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Sunday, November 13, 2016

Emiratis in Abu Dhabi living with MS ‘more than double global average’


                                                                  
  

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ABU DHABI // The number of Emiratis in the capital living with multiple sclerosis (MS) is more than twice the global ­average, a study revealed.
The autoimmune disorder affects 64.44 per 100,000 people in Abu Dhabi, while the World Health Organisation estimated average global prevalence was 30 per 100,000. Low vitamin D levels, smoking and genetic factors may be causes.
"The Abu Dhabi Emirati population has one of the highest, most reliable prevalence rates on the Arab peninsula," it was reported in the How Global MS Prevalence is Changing: A Retrospective Chart Review in the United Arab Emirates study.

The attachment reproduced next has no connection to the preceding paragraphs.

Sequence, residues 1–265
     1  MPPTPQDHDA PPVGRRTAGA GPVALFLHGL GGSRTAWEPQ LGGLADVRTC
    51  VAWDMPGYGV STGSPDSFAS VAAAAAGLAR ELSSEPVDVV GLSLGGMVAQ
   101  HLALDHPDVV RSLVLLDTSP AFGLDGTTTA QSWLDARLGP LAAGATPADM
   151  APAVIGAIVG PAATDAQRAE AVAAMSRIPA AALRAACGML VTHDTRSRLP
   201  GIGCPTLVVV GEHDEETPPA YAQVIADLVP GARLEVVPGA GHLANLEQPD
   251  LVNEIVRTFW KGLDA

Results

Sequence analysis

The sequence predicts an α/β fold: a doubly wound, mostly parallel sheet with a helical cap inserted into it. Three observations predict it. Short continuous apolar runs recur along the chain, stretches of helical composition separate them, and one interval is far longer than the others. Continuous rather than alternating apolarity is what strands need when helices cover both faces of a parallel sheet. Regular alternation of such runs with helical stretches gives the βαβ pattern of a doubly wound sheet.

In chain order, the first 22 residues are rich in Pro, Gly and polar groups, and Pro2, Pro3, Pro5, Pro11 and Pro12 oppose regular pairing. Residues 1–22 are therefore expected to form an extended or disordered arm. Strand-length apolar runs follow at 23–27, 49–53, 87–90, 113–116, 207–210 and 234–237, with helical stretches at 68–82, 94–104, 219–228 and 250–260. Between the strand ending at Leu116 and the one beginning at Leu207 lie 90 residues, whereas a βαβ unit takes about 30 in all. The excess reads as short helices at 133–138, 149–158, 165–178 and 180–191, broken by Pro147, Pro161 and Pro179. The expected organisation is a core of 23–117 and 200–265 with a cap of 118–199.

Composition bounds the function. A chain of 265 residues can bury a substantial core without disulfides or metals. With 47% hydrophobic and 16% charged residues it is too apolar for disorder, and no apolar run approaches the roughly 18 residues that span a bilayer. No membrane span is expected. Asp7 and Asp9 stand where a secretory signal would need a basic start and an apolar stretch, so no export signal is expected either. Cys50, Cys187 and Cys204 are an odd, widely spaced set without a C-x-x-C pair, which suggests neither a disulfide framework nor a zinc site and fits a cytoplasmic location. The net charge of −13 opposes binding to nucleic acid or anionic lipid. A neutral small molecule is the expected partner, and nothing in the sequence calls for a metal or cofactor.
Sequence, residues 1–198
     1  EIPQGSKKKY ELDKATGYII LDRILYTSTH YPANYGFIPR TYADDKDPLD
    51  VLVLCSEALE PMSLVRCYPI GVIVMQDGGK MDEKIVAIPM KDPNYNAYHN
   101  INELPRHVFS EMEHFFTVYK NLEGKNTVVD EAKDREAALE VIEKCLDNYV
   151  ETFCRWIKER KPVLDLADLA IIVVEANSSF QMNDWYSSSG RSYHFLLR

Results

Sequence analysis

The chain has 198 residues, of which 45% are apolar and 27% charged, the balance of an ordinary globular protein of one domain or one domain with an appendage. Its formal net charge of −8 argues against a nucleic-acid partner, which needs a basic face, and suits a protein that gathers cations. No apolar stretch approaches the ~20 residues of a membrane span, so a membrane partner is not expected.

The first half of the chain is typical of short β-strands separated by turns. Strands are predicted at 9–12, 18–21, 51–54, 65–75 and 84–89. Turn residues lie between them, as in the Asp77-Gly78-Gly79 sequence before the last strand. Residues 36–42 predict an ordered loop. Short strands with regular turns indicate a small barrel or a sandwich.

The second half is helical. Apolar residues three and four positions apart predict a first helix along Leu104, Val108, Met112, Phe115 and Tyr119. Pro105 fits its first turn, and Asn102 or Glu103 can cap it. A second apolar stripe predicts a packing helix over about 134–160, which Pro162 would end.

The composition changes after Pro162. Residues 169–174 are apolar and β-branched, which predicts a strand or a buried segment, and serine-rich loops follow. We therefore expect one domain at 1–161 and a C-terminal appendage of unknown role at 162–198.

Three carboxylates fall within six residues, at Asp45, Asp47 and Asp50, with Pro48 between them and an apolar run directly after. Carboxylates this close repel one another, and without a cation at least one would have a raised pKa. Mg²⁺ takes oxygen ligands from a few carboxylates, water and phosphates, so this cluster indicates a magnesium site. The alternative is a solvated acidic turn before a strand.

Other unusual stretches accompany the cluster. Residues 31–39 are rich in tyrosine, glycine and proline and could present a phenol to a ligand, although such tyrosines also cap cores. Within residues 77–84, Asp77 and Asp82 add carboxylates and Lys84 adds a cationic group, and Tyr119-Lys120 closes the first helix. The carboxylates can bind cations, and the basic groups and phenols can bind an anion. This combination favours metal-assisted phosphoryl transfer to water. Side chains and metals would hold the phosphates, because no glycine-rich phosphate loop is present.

The report was carried out by Johns Hopkins University in conjunction with Tawam Hospital.
    Traditionally, the prevalence of MS in the Arab world has been thought to be low," said Nicoline Schiess, assistant professor of neurology at Johns Hopkins who worked on the study.

      "However, as more studies are done in this region and there is more knowledge and awareness of the disease and the access to MRIs are increased, the data is starting to show that the difference in prevalence of MS ­between the Arab world and parts of the United States and western Europe are not as great as previously thought.












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